Prime Minister Naftali Bennett's predecessor Benjamin Netanyahu left no shortage of hot potatoes on his desk. Some are political time bombs that are still ticking, such as the deeply rooted enmity between Israel and Jordan.
The importance of the 1994 Israel-Jordan peace agreement for Israel’s national security cannot be overstated. The same goes for Jordan, which depends on Israel in many significant aspects, such as the 50 million cubic meters of Sea of Galilee water that Israel provides Jordan annually, as well as intelligence, military and economic cooperation. Analysts have long contended that Israeli power is practically the only deterrence to efforts by dangerous waves of radicals, such as the Islamic State group, Iranian militias or other subversive elements to unseat and expel the Hashemite family and establish a de facto Palestinian state in Jordan.
Netanyahu’s successor is troubled by a question: What made the veteran leader sabotage highly complex and sensitive relations with the state that shares Israel's longest border? Israeli prime ministers have always valued relations with Jordan as a strategic anchor and a tremendous national security asset. Netanyahu obviously knew this, despite reportedly approving the failed assassination attempt of Hamas leader Khaled Meshaal in Jordan in 1997 during his first term as prime minister.
When Netanyahu returned to power in 2009, he sought to preserve this important relationship, but his actions in more recent years defy explanation. His reluctance, say analysts, brought about the cancelation of the Red-Dead agreement signed with Jordan under the auspices of the World Bank and various international funds with sweeping US backing.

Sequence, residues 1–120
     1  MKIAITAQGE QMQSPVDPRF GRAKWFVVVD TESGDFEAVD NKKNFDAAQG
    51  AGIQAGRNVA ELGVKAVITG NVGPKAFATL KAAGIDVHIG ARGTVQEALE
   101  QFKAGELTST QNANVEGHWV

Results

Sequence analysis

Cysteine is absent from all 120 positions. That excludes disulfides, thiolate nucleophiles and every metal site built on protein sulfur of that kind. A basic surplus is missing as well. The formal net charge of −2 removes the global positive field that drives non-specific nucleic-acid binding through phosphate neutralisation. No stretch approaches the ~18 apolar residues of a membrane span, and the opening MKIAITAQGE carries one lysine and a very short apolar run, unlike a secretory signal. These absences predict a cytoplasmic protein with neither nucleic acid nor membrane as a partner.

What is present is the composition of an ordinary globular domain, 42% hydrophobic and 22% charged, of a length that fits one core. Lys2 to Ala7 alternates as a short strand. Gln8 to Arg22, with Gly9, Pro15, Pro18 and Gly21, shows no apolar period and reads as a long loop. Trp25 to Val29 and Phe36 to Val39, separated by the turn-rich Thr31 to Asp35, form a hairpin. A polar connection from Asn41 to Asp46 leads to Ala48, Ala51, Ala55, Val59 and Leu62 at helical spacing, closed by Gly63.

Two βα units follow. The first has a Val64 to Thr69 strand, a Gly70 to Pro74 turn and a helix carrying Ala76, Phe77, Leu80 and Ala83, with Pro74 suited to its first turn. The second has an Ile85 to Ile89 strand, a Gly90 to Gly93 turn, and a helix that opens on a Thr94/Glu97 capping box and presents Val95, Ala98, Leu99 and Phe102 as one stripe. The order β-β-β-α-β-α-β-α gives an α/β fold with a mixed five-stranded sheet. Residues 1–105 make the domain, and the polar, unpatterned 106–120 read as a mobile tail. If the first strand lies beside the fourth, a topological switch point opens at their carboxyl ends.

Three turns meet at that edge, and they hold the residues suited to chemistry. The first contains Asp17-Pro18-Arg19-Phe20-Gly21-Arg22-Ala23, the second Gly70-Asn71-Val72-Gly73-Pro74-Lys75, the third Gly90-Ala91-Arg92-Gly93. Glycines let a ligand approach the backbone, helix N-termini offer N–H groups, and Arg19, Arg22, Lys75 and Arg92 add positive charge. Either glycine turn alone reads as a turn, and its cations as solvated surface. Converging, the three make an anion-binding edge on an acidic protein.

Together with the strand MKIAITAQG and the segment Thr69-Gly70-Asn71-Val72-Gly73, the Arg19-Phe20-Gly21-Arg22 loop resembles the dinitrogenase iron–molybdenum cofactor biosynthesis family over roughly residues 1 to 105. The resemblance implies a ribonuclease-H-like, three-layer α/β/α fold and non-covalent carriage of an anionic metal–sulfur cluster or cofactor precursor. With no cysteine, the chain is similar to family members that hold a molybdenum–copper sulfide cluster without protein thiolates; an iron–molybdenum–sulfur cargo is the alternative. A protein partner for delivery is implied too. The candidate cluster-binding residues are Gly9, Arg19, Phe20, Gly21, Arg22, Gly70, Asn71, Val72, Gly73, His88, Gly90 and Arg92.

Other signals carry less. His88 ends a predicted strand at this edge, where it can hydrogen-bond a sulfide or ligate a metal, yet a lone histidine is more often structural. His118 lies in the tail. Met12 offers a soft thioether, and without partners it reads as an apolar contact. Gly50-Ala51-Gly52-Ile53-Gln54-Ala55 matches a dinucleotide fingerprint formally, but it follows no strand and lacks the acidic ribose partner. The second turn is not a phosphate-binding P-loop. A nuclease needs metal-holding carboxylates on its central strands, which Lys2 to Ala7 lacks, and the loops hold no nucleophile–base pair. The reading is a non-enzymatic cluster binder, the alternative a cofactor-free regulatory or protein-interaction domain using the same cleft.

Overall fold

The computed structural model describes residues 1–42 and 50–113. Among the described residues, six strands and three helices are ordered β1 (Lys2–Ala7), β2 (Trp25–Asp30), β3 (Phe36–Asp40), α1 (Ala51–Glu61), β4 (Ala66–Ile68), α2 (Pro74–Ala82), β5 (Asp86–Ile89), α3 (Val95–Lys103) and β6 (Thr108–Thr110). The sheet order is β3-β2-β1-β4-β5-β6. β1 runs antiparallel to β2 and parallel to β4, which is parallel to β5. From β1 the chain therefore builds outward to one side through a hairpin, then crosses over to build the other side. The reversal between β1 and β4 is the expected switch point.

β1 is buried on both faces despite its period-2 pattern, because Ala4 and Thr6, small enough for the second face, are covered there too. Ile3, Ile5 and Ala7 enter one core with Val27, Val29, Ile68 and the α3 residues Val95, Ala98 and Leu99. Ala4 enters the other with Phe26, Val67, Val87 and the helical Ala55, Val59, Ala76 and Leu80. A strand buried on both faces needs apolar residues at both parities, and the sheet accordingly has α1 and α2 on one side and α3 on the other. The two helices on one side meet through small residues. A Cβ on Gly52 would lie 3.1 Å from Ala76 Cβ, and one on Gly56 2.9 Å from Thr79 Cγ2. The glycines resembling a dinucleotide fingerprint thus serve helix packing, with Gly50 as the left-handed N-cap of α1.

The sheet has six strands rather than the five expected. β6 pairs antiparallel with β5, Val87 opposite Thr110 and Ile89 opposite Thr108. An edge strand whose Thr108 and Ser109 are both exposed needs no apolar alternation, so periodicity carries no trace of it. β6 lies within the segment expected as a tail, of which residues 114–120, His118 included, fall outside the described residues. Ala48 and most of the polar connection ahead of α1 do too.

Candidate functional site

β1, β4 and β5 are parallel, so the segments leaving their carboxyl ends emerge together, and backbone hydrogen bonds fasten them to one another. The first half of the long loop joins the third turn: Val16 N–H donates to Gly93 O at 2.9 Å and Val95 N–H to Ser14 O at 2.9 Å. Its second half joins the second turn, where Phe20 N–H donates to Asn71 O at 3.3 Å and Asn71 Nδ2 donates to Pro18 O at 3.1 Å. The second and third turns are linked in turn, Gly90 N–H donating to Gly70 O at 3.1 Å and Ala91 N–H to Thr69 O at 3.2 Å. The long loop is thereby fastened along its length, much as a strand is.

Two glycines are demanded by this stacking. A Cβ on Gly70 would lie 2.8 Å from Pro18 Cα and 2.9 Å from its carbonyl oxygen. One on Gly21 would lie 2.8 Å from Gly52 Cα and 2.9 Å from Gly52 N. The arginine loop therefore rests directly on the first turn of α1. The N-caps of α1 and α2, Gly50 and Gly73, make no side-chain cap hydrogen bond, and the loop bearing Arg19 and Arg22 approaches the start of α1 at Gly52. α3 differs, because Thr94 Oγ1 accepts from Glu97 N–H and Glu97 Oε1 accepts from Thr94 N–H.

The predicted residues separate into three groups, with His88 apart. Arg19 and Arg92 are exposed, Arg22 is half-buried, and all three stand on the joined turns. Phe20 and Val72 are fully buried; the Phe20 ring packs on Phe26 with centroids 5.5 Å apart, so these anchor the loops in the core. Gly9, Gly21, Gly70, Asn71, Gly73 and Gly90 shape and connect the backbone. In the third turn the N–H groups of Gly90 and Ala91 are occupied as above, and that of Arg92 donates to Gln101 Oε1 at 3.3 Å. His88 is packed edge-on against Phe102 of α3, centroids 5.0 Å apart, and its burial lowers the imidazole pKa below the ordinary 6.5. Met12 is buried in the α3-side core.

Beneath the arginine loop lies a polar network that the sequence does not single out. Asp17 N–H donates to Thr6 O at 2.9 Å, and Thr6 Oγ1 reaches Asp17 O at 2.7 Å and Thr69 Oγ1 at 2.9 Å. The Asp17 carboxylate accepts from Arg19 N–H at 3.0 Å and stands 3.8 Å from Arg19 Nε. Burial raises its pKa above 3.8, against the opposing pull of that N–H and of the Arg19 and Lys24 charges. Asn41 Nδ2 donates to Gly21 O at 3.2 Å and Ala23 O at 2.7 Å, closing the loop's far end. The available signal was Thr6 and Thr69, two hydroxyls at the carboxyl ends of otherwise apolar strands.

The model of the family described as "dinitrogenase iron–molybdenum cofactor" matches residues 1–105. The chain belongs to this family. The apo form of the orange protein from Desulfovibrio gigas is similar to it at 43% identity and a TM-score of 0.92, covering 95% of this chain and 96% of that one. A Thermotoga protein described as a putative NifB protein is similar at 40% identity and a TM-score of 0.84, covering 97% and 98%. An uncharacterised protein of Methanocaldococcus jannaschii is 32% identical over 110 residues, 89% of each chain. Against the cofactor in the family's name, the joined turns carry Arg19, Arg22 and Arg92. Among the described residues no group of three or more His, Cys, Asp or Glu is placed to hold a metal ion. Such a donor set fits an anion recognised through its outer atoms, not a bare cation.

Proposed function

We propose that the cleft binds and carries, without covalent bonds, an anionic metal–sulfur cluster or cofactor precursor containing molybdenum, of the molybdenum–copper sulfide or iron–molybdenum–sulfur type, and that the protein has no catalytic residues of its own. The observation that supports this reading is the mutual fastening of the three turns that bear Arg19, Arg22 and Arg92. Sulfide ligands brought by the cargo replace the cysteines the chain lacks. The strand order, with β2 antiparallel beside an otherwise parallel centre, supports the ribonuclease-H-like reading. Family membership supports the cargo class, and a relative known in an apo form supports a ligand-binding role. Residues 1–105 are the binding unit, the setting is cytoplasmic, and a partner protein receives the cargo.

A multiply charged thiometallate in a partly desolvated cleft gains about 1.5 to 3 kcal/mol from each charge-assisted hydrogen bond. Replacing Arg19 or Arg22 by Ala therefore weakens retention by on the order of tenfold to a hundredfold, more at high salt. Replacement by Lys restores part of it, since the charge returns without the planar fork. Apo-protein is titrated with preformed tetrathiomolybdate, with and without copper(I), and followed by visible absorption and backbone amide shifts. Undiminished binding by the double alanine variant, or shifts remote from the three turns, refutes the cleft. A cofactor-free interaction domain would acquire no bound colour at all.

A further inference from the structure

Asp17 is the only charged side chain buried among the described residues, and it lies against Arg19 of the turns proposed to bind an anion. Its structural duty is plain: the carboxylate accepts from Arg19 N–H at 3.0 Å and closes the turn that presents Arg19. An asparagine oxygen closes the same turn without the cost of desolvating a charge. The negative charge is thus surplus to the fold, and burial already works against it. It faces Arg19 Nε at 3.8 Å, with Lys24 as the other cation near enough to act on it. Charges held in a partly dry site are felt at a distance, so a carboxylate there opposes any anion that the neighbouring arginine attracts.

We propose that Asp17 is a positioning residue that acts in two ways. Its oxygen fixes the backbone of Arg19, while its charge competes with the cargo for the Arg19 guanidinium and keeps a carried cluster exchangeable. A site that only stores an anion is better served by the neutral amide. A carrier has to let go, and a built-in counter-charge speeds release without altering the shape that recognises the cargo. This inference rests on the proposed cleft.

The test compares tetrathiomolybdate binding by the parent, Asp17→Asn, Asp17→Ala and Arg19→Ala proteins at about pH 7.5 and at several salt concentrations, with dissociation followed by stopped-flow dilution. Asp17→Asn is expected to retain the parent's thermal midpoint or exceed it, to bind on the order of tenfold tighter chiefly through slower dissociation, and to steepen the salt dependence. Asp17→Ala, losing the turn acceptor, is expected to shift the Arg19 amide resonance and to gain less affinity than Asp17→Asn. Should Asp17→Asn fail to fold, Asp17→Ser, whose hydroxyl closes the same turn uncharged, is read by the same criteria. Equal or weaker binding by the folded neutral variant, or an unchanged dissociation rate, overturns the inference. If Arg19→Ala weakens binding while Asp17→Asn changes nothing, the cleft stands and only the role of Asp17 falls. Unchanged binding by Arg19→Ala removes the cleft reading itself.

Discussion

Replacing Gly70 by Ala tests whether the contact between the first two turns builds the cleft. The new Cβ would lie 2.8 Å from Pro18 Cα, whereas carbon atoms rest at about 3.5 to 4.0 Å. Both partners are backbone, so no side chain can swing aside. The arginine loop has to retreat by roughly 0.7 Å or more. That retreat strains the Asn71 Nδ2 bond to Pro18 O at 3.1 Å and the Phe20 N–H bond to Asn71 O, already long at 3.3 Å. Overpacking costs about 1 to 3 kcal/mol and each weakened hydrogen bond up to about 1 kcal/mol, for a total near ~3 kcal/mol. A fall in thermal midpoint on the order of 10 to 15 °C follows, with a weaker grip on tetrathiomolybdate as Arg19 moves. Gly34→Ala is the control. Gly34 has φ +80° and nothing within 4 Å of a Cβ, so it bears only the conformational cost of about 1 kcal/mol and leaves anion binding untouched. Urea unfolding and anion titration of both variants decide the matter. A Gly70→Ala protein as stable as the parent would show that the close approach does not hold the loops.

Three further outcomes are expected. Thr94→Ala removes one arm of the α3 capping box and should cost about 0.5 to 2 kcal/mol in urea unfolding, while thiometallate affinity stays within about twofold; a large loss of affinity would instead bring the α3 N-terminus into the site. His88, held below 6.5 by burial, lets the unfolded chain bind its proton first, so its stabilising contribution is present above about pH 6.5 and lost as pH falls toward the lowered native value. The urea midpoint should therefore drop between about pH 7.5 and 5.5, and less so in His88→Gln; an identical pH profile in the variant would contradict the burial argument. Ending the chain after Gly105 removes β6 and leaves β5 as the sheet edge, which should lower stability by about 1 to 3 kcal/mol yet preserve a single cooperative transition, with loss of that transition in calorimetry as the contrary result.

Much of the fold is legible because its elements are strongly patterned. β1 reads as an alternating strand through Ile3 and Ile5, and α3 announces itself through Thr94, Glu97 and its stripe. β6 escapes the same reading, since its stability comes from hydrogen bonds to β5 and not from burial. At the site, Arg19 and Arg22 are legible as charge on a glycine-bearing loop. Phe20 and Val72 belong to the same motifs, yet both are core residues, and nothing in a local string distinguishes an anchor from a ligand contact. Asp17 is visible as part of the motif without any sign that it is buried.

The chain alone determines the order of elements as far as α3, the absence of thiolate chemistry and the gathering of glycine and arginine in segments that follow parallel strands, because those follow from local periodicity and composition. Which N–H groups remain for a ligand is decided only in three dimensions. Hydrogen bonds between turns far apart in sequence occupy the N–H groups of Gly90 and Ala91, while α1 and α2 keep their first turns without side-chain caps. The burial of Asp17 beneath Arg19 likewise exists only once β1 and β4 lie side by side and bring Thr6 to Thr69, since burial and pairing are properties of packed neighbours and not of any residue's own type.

The 2015 agreement called for Israel and Jordan to lay down a giant water pipeline between the Red Sea and the far lower Dead Sea, along which water desalination facilities would be built to benefit both sides of the arid, empty Arava Desert they share, with the remaining water and brine to flow down and replenish the shrinking Dead Sea. In return for Jordanian cooperation on this project, Israel committed to supply Jordan with an additional 50 million cubic meters of water produced at an additional desalination plant to the north from which water would flow to the Sea of Galilee and from there to Jordan.
The agreement served both sides’ economies and agriculture as well as the stability of their ties and mutual dependence. It is unclear why Netanyahu was unwilling to go forward with the agreement, already delayed by red tape, financing difficulties and environmental objections. His unwillingness humiliated the kingdom and infuriated Jordanian Foreign Minister Ayman Safadi, making him one of Israel’s bitterest critics in the Arab arena and crushing trust between the sides.